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Thanks Bob for jumping in..... I dont mind it at all! Will be a new owner of a TW within the next week so all the info I can get, all the better. BTW. I looked at some of your videos and can see where there is plenty of soft sand where you ride. Been riding mountain bikes since 1986 in all kinds of terrain including soft sand. Probably will steer the TW thru sand like I ride a mountain bike...... weight on the back tire, light on the front, float it over the sand and no fast input on steering. But this time I don't have to pedal-power my way thru.... like you say; just gas it.... like the little orangutang...
Yep, you got it. Loose grip, let the bike do it's thing, weight back, light front, look way out ahead of you, not right in front of you. You'll be fine. I really haven't posted vids of washboards yet. I have one or two from last Sunday, but the video cam was angled right down in front of me. Maybe I'll post it, cuz you can see the washboard good. I'll also post vids next week from this coming weekend. Tomorrow, I'll upload and post this one I have.
 

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Discussion Starter #17
Another thing to consider is what version of the TW you intend to get. They fall into two categories — ’87 to 2000, and 2000 to present day.

The TW doesn’t have a lot of rear suspension travel, as it’s not supposed to be as fast as an XT250.

I’ve heard tell that the newer ones are more comfortable to sit on (rear suspension wise) — while the older version can seem a little “rigid”. I’m 180lbs and on a ’98, and it feels a little “stiff”.

My advice is to get the bike and try it out on those trails, and if you do need to re-work the rear suspension, get back on here and we’ll show you what can be done (which is quite a bit).

The XT250 is a different bike altogether — but you’ll be going so fast you’ll miss out on a lot of scenery, and a lot of the trails it can’t get up.

The TW is more about the journey — not how fast you get there ………

Purple: Thanks for the input! I'll be picking up a 2015 within the week. I'll see how it performs, like you said before I start with any modifications. I can't agree with you more about it's all about the journey... If I want to go fast, drag a knee I'll jump on my 'Busa..... but I won't see the scenery. Outback, under 30mph is just fine with me.

By the way..... I didn't know you Blokes across the pond could ride on two wheels..:p just kidding of course! Cool Rocket Cat avitar.

Semper Fly, Rotor Head.
 

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Thanks Rocky!
..... Have you tried Lippincot Mine Rd on the TW200? Class 4 offroad. I'm know of Steel Pass but now need to research it for a trip on it with the TW.
Just got off the internet looking at the Kenda and Shinko tires you recommended. Probably will be picking up the 2015 TW200 within the week and will switch over to either the Kenda or Shinko. What is your preference and size? Thanks for the info on the sprocket too.

What you described is exactly the type of riding I will be doing. I spend a lot of time all over the eastern sierras on both sides of the Owens valley. I can't wait to take the TW into those off the path backroads and trails exploring.......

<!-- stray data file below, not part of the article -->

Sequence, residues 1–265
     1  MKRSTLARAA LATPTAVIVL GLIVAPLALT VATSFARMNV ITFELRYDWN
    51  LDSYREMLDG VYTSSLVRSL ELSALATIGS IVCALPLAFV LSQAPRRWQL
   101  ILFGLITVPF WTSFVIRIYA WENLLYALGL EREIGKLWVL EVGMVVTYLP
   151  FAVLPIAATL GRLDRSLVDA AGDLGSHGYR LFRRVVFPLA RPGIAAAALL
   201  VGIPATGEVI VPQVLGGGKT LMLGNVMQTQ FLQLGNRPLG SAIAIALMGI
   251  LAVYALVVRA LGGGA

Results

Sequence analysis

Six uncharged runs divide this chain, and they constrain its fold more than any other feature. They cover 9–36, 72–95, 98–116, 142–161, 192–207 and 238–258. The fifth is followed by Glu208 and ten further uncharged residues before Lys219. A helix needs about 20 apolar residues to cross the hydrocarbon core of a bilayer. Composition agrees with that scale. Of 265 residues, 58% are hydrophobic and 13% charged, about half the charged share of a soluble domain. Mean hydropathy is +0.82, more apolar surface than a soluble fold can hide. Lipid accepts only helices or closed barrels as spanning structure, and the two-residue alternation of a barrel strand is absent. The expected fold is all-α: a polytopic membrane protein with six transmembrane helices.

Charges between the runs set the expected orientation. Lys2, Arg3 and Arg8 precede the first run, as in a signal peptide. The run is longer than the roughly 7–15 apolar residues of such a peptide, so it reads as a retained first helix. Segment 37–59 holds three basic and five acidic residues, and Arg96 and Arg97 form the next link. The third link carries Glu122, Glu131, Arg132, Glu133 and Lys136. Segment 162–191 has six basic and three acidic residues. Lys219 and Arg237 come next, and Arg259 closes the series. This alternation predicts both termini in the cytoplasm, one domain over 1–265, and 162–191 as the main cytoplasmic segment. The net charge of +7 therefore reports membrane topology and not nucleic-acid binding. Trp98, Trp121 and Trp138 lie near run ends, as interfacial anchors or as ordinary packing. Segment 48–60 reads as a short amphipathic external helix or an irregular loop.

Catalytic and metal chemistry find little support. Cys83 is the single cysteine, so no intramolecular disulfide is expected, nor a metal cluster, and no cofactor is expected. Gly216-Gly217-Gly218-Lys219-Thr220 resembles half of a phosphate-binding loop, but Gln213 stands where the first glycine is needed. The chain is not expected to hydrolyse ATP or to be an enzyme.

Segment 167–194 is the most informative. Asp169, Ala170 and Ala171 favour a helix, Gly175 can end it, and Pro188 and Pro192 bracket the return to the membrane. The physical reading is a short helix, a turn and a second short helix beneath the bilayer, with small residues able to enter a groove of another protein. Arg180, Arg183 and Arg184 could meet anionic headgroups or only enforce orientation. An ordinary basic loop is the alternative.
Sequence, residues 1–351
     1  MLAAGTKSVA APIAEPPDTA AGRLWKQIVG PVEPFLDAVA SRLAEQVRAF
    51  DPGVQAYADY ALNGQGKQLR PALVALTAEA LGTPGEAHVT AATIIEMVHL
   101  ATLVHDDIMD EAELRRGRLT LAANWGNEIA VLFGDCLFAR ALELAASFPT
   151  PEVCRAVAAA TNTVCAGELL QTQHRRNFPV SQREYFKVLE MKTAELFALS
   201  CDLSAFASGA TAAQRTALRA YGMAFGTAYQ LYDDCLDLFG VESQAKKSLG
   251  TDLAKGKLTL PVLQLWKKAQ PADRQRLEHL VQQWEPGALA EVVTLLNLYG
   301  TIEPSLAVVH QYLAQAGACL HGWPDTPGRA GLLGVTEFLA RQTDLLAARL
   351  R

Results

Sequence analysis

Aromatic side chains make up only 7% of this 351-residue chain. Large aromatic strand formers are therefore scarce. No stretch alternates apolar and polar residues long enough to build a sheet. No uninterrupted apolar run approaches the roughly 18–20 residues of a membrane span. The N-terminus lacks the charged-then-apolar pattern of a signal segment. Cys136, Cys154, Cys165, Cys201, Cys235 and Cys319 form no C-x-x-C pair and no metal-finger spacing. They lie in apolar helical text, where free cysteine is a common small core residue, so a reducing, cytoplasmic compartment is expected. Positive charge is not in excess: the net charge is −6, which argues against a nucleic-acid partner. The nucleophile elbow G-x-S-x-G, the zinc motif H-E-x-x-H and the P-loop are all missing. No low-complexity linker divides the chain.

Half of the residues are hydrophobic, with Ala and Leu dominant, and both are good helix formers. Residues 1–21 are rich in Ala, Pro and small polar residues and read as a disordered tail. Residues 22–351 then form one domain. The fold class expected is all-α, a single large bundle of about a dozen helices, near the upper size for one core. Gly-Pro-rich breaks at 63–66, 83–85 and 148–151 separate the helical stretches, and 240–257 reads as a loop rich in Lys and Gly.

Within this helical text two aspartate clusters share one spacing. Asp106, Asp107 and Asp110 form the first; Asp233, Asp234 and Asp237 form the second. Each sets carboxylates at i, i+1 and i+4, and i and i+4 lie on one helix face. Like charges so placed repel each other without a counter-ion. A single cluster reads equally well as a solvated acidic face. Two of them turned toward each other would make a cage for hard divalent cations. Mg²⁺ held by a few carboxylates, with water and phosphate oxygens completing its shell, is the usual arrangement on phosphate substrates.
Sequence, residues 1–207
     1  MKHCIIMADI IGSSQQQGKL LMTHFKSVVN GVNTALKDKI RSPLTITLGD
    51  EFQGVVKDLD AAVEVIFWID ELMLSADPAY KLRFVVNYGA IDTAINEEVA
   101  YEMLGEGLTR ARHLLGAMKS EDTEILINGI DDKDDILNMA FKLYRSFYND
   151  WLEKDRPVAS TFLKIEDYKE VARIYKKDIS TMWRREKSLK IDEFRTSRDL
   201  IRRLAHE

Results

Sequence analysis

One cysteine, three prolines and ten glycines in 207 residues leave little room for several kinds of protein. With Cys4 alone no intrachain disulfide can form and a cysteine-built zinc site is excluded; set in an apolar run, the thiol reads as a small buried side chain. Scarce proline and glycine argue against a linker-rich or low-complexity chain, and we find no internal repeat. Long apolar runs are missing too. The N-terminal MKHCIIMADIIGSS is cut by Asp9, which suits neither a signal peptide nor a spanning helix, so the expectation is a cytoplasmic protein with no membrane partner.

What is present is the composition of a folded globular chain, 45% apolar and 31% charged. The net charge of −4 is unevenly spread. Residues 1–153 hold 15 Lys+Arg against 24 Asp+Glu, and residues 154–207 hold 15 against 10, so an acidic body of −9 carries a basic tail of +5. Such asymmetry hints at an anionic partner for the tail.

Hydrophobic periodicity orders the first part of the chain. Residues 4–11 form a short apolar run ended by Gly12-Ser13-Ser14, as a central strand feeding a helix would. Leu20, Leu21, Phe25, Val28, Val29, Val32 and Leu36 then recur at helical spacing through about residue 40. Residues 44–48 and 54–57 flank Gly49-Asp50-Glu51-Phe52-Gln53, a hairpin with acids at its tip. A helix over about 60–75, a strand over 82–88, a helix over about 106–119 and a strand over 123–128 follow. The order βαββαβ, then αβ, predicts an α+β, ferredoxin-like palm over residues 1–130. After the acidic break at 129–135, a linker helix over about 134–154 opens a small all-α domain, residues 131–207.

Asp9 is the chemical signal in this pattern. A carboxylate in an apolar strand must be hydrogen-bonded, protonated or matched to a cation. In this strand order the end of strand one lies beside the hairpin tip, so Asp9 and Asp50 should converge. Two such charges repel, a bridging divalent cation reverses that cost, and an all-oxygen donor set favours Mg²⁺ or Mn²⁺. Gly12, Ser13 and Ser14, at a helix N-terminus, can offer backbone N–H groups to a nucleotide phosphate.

Dave.
Although I have not been down Lippincott or over Steel Pass I have researched them well. Mostly the limited range and the prospect of too many hours in the saddle has made me pass on those. I've been up Butte Valley, which has some really rough spots.... Chloride Cliff, Gold Valley, Crater, Queen of Sheba, etc. I'm quite familiar with DV, and the only place I know for certain I would never try on the TW is the 6 foot step up Echo Canyon on the way to Lee's Camp. (Or on any other bike!) The other thing I would not choose to do is miles and miles of deep sand. The TW just isn't powerful enough to really plane up on top of it. But then, I probably wouldn't do that if I was on a 450 WRF....just not my cup of tea. I want to go slowly and quietly and smell the flowers. :) I was just there in February for 10 days.....lots of flowers at the South end....found some new mines and a really cool old cabin.

As far as the size of the Kenda 270, I have gone against the conventional wisdom and bought the narrowest and lightest, the 120/80-18, purely because I wanted to lighten the front end as much as possible. That one is 5 lbs. lighter than the 5.10. After 6,500 miles in all types of terrain I still think I made the right choice for my type of riding. It is actually very close in size to the OEM tire.

As others have said, the seat is torture after two hours, but there are lots of remedies. I just splurged for a Seat Concepts a couple weeks ago after 10,000 miles and today did 4 hours straight in the desert lava....rougher than hell and my butt is still happy. (Shameless plug: I have the old foam that I inset a gel pad into and rode for 10,000 miles for sale cheap in the Classifieds.)

Don't buy TOO many farkles before you have some time on the bike! :p Front tire, hand guards, O or X-ring chain and a Cyclerack should do it for the first year. You are going to have a blast!:cool:
 

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Discussion Starter #19
Yep, you got it. Loose grip, let the bike do it's thing, weight back, light front, look way out ahead of you, not right in front of you. You'll be fine. I really haven't posted vids of washboards yet. I have one or two from last Sunday, but the video cam was angled right down in front of me. Maybe I'll post it, cuz you can see the washboard good. I'll also post vids next week from this coming weekend. Tomorrow, I'll upload and post this one I have.
Ok. I'll be watching for it. Top Predator rode with a broken ankle?? What the heck is that guy's pain tolerance???
 

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No brain, no pain?..........:p Just Joking Rick. I couldn't let that one pass by without saying....:D Pretty high I guess.


Here it is. The camera angle sucks, way to low. Now, we are beat, dead tired here after 6+ hours of riding. Found this pit on the way back to the truck. So we had to stop and check it out, even though the sun was going down. These are very small whoops, and being so tired, they started kicking my ass. Next time, I'll record earlier in the day. Not a good video at all. I was going to delete this on my card. This weekend, I'll get some good vids. IF I can get someone to go. I will be going with forum member Prime either Wed, or Thursday.